‘Gender Queer’: How Milken ‘Marginalized a Marginalized Voice’

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On Monday, March 7, Milken’s unofficial Grade 12 Parent WhatsApp group chat was lit ablaze by criticism surrounding two pages from the graphic memoir Gender Queer — one depicting menstruation and the other depicting oral sex. The memoir was being taught in Milken’s 12th grade English course, Marginalized Voices, which introduces new perspectives to students nearing the end of high school. However, many parents believed that Gender Queer was too explicit for the classroom, despite those pages not being included in the required reading assignments for the text.

The following morning, some of those parents began reaching out to Dr. Sarah Shulkind, Milken’s Head of School, voicing their concerns about the quality of the literature, and the subjects and perspectives covered in the memoir. In an email to 12th-grade parents that same day, Dr. Shulkind and Dr. Kimberly Schwartz announced that they had suspended the required reading assignments for the memoir due to parent concerns about “illustrations of sexual health and sexuality,” effectively removing it from the class curriculum. The administrators claimed that Gender Queer was not approved through Milken’s curricular approval process, though many teachers say that they were unaware of this procedure.

Following the decision, members of the Milken community were divided — some pleased with the removal, and others questioning the administration’s true intentions. Many in Milken’s LGBTQ+ community felt that the removal established a dangerous precedent that prioritizes the desires of parents over the protection of LGBTQ+ voices on campus. “Sometimes it feels revealing,” Eden Hirsch ‘23 explained. “This is where your true intentions lie. You do not care about the academic well-being of your students, you do not care about the actual mental health of your students, you care about the reputation you have among parents. It hurts my feelings.”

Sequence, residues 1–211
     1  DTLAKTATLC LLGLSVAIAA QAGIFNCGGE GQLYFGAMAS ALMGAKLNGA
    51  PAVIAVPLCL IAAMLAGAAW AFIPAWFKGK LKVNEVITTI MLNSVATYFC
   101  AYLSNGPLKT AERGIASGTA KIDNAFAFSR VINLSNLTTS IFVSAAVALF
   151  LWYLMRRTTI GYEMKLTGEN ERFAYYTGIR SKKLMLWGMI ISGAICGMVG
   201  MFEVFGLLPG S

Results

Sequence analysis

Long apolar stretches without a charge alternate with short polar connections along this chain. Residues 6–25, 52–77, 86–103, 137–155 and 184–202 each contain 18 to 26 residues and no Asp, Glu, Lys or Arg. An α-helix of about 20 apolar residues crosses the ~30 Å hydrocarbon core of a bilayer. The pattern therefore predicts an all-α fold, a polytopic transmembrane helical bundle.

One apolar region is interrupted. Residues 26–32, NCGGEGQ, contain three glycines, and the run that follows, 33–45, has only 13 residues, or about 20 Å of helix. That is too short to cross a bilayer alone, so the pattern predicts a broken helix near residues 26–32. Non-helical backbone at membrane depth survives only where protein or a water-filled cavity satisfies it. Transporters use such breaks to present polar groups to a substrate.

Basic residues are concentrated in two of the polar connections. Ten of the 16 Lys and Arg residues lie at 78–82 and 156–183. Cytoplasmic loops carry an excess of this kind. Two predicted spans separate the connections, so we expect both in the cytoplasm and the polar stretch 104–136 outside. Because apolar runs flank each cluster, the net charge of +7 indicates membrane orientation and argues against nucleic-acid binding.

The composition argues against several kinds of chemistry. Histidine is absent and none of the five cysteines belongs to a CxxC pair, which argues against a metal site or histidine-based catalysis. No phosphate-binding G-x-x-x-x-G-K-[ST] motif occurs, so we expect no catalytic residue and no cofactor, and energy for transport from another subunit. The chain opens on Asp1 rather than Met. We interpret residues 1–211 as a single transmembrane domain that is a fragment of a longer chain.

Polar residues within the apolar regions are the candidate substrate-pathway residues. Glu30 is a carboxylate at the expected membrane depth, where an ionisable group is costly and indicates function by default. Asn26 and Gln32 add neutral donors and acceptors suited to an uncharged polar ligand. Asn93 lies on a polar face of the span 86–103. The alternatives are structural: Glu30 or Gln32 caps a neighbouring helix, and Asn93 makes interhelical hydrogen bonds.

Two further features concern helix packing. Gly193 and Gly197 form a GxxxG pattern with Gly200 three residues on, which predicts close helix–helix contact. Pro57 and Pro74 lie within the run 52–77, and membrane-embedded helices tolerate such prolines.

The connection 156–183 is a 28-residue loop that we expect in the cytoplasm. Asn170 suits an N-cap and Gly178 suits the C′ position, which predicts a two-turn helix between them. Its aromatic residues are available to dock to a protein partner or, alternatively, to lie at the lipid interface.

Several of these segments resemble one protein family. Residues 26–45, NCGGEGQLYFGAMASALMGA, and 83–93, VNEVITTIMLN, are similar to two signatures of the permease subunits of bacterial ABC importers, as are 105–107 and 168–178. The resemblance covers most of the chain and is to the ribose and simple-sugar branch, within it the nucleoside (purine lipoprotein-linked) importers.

Emerging from the pandemic, parents across the country have taken a renewed interest in the content that their children are being taught in schools. As a result, national book-banning efforts have hit a 20-year peak according to the American Library Association (ALA), mainly targeting Black and LGBTQ+ voices. Of the top ten most challenged books in 2021, half were challenged for including LGBTQ+ content.

In 2021, Gender Queer became the most challenged book in the United States, according to the ALA. Written by Maia Kobabe, who uses e/em/eirs pronouns, Gender Queer centers around Kobabe’s journey navigating eir identity throughout eir adolescence and young adult life as a nonbinary person. The memoir walks readers through eir struggles being accepted in a society that is accustomed to the gender-binary world, and how that translates to eir own experiences of self-acceptance.

This made Gender Queer the perfect fit for the Marginalized Voices class. When reexamining the content of Marginalized Voices last summer, the administration and English department agreed that the course was lacking in expansive representation of the LGBTQ+ community, though it already contained a unit on LGBTQ+ issues.